Kate Theimer …of ArchivesNext

This interview is over 1 year old and may no longer be up to date or reflect the interviewee/interviewees’ positions

Naomi House’s interview with Kate of ArchivesNext

formerly entitled Kate Theimer …In Six and published on 2/13/12
Naomi: What blogs should we be reading?
Kate: Well, mine of course (http://archivesnext.com )! I’m sure your readers already follow library bloggers, so for archives I like The Bigger Picture from the Smithsonian Institution Archives and The Signal the Library of Congress’ blog about digital preservation. There are fewer individual archivists blogging regularly these days, but Gordon Belt at The Posterity Project and Bonnie Weddle at L’Archivista are still carrying on their good work. I always enjoy Tenured Radical and I also have an RSS feed for mashable.com for technology news.

Naomi: If you could take any of your hobbies and create a job out of them or integrate it into your job what would it be? And how?
Kate: Hmm…..that’s a puzzler. I sort of already did that when I combined my interest in social media and archives and created a new job for myself. Two things that I want to incorporate into my job more are helping people achieve their goals and bringing greater public attention to the fantastic holdings in archival collections. I’m still working on ways to integrate those areas into what I already do.

Naomi: Favorite library you have been to?
Kate: You never forget your first love—the library I grew up with, the Aurora Free Library. I can remember exactly the spots on the shelves where my favorite books were located. As for my favorite archives, I have to return to my roots in art history and say the Archives of American Art. They have unparalleled collections for art historians, and ever-expanding collections of resources on the web too.

Naomi: Favorite book(s)?
The books that I find most inspiring and that I return to time and again don’t have much to do with libraries or archives. Off the top of my head, Tim Gunn ‘s Gunn’s Golden Rules: Life’s Little Lessons for Making It Work, Daniel Pink’s A Whole New Mind, Dorothy Sayers’ Lord Peter Wimsey mysteries, and everything by Alain de Botton. But if I had to pick just one favorite, it would have to be Pride and Prejudice. Not very original, but you have to admire perfection.

Naomi: Favorite thing about libraries/ library technology?

Kate: Libraries are free, open, welcoming centers for promoting learning, enjoyment and understanding. They are places (physical and virtual) where people go to fulfill their needs and desires without spending a dime. They help people find resources to improve their lives and don’t ask for anything in return. Library technology helps make this kind of interaction possible for even more people and in even more ways.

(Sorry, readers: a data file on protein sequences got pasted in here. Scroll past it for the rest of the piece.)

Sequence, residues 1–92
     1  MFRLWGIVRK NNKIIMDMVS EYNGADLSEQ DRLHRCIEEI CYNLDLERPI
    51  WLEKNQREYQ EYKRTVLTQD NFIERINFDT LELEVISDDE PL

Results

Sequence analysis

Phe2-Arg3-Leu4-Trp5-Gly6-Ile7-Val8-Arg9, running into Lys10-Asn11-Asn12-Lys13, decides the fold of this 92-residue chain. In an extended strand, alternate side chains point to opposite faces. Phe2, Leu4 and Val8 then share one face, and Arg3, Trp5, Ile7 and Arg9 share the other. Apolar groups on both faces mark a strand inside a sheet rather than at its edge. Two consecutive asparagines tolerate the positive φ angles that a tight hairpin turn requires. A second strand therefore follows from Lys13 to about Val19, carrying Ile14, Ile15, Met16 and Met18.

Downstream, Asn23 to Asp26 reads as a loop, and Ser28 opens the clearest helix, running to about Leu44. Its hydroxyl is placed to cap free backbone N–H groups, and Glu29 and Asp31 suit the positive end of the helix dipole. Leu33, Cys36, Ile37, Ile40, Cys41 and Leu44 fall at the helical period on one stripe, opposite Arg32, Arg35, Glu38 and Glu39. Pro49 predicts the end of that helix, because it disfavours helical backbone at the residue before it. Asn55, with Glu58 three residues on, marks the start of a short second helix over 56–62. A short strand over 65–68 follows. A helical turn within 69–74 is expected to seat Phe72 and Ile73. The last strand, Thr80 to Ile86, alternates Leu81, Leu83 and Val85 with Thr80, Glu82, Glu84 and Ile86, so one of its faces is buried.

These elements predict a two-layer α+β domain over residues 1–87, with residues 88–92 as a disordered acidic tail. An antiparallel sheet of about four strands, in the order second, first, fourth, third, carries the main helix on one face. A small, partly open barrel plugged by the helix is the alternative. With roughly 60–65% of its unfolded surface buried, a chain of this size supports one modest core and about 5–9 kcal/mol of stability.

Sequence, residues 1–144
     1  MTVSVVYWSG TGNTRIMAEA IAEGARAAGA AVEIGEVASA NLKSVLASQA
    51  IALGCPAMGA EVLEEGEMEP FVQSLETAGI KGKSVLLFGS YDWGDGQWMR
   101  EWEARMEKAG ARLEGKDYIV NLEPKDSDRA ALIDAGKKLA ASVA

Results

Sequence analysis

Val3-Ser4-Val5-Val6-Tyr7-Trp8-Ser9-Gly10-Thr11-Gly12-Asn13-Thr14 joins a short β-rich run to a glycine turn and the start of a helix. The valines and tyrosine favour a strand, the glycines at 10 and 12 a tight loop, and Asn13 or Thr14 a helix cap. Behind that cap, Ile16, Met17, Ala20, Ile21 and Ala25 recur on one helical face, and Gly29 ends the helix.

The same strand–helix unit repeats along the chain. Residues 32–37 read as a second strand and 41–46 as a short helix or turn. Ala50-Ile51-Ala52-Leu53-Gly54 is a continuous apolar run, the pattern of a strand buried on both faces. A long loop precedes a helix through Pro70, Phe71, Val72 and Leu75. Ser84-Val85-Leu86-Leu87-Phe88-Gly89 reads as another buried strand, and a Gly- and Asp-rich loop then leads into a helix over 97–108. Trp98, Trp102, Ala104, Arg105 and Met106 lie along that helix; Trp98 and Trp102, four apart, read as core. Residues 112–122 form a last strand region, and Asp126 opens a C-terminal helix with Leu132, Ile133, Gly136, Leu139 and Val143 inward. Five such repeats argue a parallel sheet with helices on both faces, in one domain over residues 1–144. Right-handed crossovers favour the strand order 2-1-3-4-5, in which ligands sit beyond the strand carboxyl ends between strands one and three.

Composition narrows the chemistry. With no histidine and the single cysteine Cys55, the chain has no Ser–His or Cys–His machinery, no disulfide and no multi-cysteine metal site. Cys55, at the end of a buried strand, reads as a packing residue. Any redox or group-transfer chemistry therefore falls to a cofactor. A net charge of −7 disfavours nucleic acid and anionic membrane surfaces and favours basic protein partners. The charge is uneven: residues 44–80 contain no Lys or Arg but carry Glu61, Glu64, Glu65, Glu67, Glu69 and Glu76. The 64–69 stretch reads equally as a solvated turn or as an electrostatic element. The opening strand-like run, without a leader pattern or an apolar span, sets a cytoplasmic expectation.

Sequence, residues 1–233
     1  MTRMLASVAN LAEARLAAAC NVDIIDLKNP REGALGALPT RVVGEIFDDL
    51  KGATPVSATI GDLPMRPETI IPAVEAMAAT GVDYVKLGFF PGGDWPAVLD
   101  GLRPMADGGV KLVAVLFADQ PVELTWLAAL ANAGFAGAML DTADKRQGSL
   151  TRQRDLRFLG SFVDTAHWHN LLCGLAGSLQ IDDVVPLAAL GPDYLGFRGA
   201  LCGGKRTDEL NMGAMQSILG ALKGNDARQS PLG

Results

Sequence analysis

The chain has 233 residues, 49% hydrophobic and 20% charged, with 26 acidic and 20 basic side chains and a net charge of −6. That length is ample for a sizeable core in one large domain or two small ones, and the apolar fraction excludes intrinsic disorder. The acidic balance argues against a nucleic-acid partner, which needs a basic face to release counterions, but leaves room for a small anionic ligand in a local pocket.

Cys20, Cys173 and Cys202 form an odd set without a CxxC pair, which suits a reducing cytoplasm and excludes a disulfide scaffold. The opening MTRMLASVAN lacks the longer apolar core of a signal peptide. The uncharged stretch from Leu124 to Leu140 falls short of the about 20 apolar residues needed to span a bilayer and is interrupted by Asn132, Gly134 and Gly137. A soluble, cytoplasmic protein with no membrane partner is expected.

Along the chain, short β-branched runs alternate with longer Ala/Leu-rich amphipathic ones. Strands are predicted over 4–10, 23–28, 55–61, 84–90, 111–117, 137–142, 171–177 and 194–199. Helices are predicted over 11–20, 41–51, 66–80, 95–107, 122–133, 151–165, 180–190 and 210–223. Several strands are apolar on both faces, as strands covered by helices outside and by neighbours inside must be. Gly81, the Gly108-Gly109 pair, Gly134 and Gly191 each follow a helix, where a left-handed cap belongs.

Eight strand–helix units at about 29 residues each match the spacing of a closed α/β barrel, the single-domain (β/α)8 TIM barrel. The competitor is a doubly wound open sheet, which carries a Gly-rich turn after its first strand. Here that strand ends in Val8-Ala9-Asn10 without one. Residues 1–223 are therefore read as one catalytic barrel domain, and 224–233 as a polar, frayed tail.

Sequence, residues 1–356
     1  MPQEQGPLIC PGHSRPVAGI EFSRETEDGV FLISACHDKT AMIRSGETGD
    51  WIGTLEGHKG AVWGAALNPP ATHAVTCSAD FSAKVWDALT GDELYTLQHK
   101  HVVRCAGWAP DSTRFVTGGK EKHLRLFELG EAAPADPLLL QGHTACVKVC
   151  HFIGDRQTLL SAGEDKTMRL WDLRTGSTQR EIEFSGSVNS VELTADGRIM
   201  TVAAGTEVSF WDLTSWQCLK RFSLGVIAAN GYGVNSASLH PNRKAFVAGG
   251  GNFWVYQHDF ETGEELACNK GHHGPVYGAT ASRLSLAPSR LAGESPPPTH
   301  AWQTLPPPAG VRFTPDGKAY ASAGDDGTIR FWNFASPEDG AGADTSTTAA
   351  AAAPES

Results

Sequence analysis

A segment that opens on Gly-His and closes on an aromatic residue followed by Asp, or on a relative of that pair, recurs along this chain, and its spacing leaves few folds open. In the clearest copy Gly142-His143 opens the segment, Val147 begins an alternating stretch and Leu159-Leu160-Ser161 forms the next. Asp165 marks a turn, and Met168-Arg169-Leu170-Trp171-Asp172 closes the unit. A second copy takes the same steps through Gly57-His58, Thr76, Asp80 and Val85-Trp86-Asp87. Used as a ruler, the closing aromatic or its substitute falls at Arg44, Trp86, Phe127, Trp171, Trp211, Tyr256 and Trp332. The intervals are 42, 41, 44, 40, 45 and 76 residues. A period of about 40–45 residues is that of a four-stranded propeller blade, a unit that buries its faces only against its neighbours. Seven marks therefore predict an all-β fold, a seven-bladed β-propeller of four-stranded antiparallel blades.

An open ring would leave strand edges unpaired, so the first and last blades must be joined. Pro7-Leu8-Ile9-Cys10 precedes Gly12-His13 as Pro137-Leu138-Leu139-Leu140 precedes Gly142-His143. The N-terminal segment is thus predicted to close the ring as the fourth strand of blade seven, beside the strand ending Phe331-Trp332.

But what about archives? Archives are also (usually) free, open and welcoming centers for learning about the past to inform our present and future. Archives preserve documentation of individual lives, families, and social groups so that we can better understand the people who came before us. They preserve the records of governments and businesses to ensure public accountability. The materials collected by archives spur innovation and answer questions. No archives can tell the whole story of a person, place or event, but without the records held by archives most stories would be full of holes.

Naomi: Best piece of job hunting advice?
Kate: I’m tempted to take a page from Tim Gunn’s book and say “be nice.” The world of archives is still rather a small one, so as much as you can, make sure that if anyone asks around about you what they hear is positive. And that goes for all your professional interactions. It’s not just something you need to remember when you’re job hunting. Often by then the damage is done. And it’s far from a new observation, but be mindful of how you present yourself on social media. Any potential employer will Google your name, so be ready to own whatever comes up in those search results. And, though it may seem to contradict all that fine advice, it’s ok to show your enthusiasm and passion for your work, your society, and your chosen field. Being honest about who you are may cost you a job, but it may also help you get one that’s a better fit for you. Trying to be a round peg in a square hole isn’t good for you or your employer. Hardly groundbreaking, but be nice, be smart, and be yourself.

Kate Theimer is the author of the popular blog ArchivesNext and a frequent writer and speaker on issues relating to archives and the use of social media. She is the author of Web 2.0 Tools and Strategies for Archives and Local History Collections and the editor of A Different Kind of Web: New Connections between Archives and Our Users . Before starting her career as an independent writer and blogger, she worked in the policy division of the National Archives and Records Administration in College Park, Maryland. She holds an MIS degree from the University of Michigan and an MA degree from the University of Maryland, and is currently serving on the Council of the Society of American Archivists.

formerly entitled Kate Theimer …In Six and published on 2/13/12

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